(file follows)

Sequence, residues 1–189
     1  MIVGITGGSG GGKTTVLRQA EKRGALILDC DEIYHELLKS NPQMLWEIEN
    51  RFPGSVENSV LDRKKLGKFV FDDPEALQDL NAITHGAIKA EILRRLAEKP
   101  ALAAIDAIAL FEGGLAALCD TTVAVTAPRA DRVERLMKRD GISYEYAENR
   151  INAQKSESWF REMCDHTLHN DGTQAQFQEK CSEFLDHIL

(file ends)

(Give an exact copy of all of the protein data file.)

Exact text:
Sequence, residues 1–189
     1  MIVGITGGSG GGKTTVLRQA EKRGALILDC DEIYHELLKS NPQMLWEIEN
    51  RFPGSVENSV LDRKKLGKFV FDDPEALQDL NAITHGAIKA EILRRLAEKP
   101  ALAAIDAIAL FEGGLAALCD TTVAVTAPRA DRVERLMKRD GISYEYAENR
   151  INAQKSESWF REMCDHTLHN DGTQAQFQEK CSEFLDHIL